I asked some friend who are of a similar age to me what they saw as the plusses and minuses of getting older and found varying opinions and problems.  One said that they were fed up with having to go to the bathroom more often (for a wee).  I must admit that I look on with a very smug attitude when the adverts for incontinence products come on the adverts on the television.  Oh that’s one thing that hasn’t caught up with me yet but I spoke too soon.  The other morning I woke up bursting to go to the loo but as I paused to grab my dressing gown I coughed and wished I had not!  Oh no please don’t let this be a regular occurrence. 

Not by the hair on my chinny-chin-chin!

I was in my early forties when I first discovered a hair on my chin.  Not an ordinary hair but a big, thick, dark one.  I was horrified and reached straight for the tweezers.  The confounded thing keeps coming back and I find myself feeling for it on a daily basis so that I can pluck it before anyone notices.  I mentioned this to an old friend who said I should feel lucky as she had loads but it didn’t feel like much consolation.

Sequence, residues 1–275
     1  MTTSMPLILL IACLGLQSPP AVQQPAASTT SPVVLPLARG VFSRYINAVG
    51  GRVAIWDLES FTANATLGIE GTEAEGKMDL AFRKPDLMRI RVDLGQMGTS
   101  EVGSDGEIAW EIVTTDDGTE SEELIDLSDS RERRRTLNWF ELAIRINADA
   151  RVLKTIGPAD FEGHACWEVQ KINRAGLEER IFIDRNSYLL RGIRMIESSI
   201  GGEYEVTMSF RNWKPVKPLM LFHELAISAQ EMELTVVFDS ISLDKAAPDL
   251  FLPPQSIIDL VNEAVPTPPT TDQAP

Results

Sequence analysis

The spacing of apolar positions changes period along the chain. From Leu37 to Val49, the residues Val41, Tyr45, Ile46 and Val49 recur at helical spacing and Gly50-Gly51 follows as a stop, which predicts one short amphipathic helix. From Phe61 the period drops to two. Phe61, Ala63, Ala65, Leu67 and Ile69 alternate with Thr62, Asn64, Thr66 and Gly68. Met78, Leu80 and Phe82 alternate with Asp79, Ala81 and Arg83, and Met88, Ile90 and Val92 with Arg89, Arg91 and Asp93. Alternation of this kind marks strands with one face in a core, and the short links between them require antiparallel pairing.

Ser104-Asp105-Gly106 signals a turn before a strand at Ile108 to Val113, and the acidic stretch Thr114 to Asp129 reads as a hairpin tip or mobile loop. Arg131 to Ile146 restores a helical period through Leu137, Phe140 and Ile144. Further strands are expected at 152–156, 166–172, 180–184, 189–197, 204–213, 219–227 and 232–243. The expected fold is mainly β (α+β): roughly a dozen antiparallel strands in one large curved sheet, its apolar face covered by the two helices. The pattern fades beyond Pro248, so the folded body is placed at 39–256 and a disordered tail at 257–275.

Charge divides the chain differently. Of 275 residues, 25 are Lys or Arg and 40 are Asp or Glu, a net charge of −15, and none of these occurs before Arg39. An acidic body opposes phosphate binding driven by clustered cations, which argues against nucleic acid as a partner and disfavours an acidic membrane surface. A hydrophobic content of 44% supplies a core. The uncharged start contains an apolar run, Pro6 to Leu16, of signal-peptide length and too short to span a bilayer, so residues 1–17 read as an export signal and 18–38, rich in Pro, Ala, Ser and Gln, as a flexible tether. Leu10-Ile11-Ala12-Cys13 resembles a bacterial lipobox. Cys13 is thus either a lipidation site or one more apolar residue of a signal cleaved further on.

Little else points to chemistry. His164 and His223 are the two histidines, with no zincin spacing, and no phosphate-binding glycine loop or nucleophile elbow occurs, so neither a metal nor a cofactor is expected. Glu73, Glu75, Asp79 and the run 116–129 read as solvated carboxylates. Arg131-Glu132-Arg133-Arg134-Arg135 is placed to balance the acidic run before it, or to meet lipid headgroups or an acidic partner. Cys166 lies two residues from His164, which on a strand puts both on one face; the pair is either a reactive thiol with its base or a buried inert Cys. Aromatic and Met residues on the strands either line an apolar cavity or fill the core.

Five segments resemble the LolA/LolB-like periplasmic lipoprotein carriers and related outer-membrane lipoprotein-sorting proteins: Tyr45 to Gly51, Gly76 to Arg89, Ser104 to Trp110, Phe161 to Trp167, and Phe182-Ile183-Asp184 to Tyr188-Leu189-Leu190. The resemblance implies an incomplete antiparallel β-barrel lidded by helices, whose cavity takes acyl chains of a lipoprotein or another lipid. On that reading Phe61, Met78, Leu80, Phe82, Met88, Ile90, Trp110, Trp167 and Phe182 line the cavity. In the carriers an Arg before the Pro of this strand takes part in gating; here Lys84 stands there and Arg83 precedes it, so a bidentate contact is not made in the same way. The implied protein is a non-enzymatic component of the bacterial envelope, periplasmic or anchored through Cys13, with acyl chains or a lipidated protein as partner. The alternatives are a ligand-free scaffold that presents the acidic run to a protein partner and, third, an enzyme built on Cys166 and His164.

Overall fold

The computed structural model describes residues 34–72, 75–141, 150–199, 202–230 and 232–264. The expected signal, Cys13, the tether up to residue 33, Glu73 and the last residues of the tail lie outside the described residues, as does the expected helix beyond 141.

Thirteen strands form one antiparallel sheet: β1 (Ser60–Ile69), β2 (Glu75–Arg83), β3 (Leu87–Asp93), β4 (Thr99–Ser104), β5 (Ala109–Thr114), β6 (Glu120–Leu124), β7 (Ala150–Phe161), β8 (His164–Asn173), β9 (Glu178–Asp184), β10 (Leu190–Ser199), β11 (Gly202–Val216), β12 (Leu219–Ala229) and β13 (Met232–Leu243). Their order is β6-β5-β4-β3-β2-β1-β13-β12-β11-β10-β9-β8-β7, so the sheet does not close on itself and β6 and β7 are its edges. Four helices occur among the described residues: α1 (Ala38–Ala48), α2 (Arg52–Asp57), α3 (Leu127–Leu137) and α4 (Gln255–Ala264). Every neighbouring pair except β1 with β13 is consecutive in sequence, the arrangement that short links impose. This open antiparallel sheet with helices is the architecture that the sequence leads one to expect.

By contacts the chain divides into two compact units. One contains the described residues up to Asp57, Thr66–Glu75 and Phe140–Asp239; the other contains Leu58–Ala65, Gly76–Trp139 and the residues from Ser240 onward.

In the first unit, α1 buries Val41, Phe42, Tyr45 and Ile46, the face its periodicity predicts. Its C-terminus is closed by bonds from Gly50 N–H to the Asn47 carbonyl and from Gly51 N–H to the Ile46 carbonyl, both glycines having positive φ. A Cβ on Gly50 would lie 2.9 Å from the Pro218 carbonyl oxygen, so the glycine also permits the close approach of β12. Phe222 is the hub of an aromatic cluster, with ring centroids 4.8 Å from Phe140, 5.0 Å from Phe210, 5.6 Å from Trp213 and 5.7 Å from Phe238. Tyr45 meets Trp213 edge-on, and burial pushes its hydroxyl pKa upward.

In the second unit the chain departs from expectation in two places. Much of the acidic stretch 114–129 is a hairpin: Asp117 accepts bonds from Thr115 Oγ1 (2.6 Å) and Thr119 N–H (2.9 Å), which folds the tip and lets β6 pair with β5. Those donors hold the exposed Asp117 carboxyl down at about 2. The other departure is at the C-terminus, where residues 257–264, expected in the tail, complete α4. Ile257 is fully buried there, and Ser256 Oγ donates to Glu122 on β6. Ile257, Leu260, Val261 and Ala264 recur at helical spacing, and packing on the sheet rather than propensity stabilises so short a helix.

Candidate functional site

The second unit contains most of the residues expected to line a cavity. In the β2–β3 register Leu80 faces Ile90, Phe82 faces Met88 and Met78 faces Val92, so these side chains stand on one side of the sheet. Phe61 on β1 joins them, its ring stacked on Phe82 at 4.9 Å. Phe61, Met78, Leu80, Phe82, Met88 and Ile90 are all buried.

I think that the hair on my head is probably almost white but I don’t know and never intend to find out.  I dye my hair on a regular basis and fully intend to continue to do so till the bitter end. 

Should I dress appropriately for my age?

Should I dress appropriately for my age?  Well what is that?  There was a time when grannies wore crimplene or twin-set and pearls and they had blue rinses on their hair.  I wear jeans and dye my hair red.  Do I look like mutton dressed as lamb?  I don’t know but one of the advantages of getting older is that I actually don’t care.  If I feel confident and happy in my clothes then what’s the problem?

Happy in my wrinkled skin

I actually feel quite happy in my slightly wrinkled skin.  There things that I would probably change.  I am not as ‘firm’ as I used to be but I believe that we all have insecurities at different stages in our lives and the good thing about being older is that we accept ourselves as we are more readily.


I think that the most important attribute we can have in older age is our physical and mental health.  If we continue to have that then we should feel truly blessed and enjoy every day of the rest of our lives.

For more information on anxiety please visit:

Anxiety - What Is Anxiety
Fight or Flight Response Explained
Anxiety - What Is Anxiety

Fight or Flight Response Explained
Anxiety Symptoms
Anxiety Disorders
Coping with Anxiety – Anxiety Factors
Generalised Anxiety Disorder GAD
Panic Attacks – Anxiety Attacks
No More Panic
Anxiety Treatment
Anxiety Management – Managing External Stressors
Anxiety Management – Managing our Response to Stress
Anxiety and Debt
Social Anxiety
Anxiety as a Result of Domestic Abuse
Work Related Stress
Anxiety and Substance Abuse
Further Reading